Finally, L&D departments should understand the types of tools that employees are already using to consume information. Content aggregators, tagging applications, and portals can help employees to continually add to their lists of courses and/or knowledge.
Advances in technology make it both easier and more difficult to curate information. Because nearly everyone carries a supercomputer of sorts around in their pockets, employees have more access to information than ever before. Machine curation happens through algorithms programmed into existing systems, including LMSs, engagement portals, websites, and the like, to show employees things that may be of interest to them. Algorithms can help with self-curation in two ways: first, they can push content based on what employees have looked at before and second, they can draw from the pool of available content based on other criteria—employee level, role, geography, etc.
Ratings and rankings also fall within this category. Providing employees the ability to rate and rank information enables the good stuff to float to the top. This helps employees locate the most valid information. In addition, the patterns of ranking and rating data can be signals (good or bad) to the curation team.
The final type of curation is social curation. Knowing that vast bits of knowledge exist in the world, employees often look for ways to narrow their search. One of the ways they do this is through the use of other people. Just as a person might seek the advice of someone they trust when buying a car, he or she may also seek advice when looking for the most valid information or training.
Some of this is enabled through technology. Social networks allow users to follow thought leaders and subject-matter experts. These same technologies can help employees locate others that may provide insights into a topic or lead them to relevant information.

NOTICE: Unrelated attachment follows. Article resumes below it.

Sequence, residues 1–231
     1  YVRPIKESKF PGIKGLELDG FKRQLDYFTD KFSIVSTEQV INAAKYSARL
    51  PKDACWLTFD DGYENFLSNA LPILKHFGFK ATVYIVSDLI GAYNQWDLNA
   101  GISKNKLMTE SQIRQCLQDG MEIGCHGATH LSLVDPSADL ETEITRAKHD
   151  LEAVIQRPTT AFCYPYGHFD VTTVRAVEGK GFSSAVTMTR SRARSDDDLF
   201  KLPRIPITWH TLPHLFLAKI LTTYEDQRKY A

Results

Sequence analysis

Social curation doesn’t just happen virtually, however. Employees may also use personal and professional activities and information sources, such as participation at conferences or membership in professional organizations, to guide their development.
L&D can encourage social curation by looking at how information is being shared and enabling it. Some of this may occur via technology (LMSs and other systems often have social components).
L&D can also encourage social curation through ensuring that information and insights are readily available and searchable. One organization we spoke with, with little or no budget, created a Wiki with great search capabilities that encouraged employees to both share and consume knowledge provided by each other.
All of these curation methods are helping organizations tailor content in ways that serve learners and, in the process, benefit the organization. As the High-Impact Learning Organization study also revealed, companies with High-Impact Learning Organizations outperform their peers, delivering profit growth three-times greater over the prior four years. The implication seems to be, if you can keep your employees current and skilled, you can evolve and perform better than your competitors1.
Dani Johnson will be diving more deeply into the topic of curation at an upcoming webinar, Curated not Created, on Wednesday, October 26, at 1:00 p.m. ET. Please join for a closer look at leading practices in curation and how they can help you create a culture of continuous learning.
1 The New Best-Practices of a High-Impact Learning Organization,” Josh Bersin, September 4, 2012.
As used in this document, “Deloitte” means Deloitte Consulting LLP, a subsidiary of Deloitte LLP. Please see www.deloitte.com/us/about for a detailed description of the legal structure of Deloitte LLP and its subsidiaries. Certain services may not be available to attest clients under the rules and regulations of public accounting.